Christopher Solomon's article "An Unlikely Shangri-la" is a classic example of what HCN does that no one else seems to do: An otherwise obscure not-quite-news story that, when treated with careful and exhaustive reporting, provides insights of profound importance to the future of the West (HCN, 8/18/08).
There are a number of significant inferences one may draw from the article, but one that grabs me is the destructive social role played by the ultra-wealthy in a democratic society. Manhattan can no doubt absorb a few tycoons without great repercussion. But particularly in the rural West, where populations are low and often relatively non-affluent -- which regrettably equates with being relatively powerless -- the ultra-rich and their fellow-travelers act out their grand schemes almost at will, as if civil society does not exist. They bypass the public legal and political process because they have direct access to the top of the governmental food chain. They then create their extravagances that, apart from resource impacts, literally sneer at the lives of ordinary people and mock the principles upon which this nation was founded.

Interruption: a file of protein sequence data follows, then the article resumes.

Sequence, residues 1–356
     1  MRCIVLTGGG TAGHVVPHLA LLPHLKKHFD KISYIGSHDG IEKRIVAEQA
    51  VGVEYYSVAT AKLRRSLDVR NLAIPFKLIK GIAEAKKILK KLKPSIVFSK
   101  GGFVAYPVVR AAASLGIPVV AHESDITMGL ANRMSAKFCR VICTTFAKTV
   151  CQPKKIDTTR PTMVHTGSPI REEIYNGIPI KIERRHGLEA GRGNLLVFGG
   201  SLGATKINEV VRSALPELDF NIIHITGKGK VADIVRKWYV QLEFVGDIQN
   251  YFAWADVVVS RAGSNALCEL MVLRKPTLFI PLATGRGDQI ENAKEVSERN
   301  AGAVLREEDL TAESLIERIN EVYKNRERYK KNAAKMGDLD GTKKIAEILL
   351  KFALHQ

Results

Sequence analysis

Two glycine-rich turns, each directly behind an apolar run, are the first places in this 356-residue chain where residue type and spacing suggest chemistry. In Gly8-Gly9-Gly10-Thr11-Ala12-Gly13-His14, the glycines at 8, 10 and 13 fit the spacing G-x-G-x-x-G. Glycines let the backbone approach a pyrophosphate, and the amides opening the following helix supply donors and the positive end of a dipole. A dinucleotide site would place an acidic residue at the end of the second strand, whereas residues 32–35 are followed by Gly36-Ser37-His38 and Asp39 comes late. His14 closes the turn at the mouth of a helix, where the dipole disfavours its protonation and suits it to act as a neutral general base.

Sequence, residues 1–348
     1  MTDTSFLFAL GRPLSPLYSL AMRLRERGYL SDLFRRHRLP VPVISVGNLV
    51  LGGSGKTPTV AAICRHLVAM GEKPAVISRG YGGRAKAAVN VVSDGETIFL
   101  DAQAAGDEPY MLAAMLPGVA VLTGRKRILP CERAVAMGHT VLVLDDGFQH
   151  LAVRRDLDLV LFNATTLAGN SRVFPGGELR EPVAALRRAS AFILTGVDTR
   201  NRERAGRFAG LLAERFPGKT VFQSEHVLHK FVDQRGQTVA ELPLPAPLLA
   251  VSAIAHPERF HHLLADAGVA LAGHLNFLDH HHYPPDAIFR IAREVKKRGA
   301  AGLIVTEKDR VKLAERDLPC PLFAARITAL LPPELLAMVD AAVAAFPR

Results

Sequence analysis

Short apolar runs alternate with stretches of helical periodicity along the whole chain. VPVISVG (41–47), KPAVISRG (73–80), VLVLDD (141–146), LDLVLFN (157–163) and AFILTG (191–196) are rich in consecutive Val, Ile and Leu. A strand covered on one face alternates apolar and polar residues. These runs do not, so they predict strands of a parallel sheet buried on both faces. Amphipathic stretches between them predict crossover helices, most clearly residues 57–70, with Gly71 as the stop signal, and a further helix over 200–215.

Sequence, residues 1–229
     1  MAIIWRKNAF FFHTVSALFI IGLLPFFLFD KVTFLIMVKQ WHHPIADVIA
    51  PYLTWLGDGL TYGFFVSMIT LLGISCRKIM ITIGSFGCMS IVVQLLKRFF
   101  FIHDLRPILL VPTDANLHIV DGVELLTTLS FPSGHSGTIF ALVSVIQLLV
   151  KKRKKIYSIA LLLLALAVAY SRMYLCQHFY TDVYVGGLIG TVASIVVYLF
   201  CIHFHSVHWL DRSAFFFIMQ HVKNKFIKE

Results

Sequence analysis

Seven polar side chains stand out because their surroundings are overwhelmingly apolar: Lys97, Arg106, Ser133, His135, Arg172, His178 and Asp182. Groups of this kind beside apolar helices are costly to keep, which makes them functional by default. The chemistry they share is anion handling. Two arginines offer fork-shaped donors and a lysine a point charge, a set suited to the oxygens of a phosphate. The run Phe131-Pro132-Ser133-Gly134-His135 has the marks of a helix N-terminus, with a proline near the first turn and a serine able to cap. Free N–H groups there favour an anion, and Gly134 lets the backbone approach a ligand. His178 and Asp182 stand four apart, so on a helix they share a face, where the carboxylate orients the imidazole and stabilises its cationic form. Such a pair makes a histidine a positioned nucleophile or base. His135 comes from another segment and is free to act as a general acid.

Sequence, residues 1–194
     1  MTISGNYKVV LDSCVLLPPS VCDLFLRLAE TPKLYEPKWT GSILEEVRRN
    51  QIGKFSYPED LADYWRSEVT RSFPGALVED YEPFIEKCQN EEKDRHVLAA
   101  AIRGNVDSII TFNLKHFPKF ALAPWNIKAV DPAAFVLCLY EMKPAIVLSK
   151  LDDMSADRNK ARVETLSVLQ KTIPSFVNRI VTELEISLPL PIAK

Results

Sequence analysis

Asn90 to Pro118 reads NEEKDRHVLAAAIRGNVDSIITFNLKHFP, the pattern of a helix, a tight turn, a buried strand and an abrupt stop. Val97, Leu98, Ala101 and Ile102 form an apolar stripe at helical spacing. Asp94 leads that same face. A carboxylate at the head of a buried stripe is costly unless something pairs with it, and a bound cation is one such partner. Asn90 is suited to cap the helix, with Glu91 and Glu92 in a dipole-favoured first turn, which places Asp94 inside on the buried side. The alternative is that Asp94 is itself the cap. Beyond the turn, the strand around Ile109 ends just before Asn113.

My edition of the Declaration of Independence doesn't say a thing about the inherent right to appropriate an obscene share of the earth's, and mankind's, limited resources. It's probably not polite to eat the rich, but nothing says we can't tax them back to a point where the middle class once again plays the stabilizing and moderating role that is necessary to a vibrant democracy. Should the wealthy respond by loading their yachts and jets and abandoning us for the welcoming shores of Granada, is that really such a tragedy.
Three Rivers, California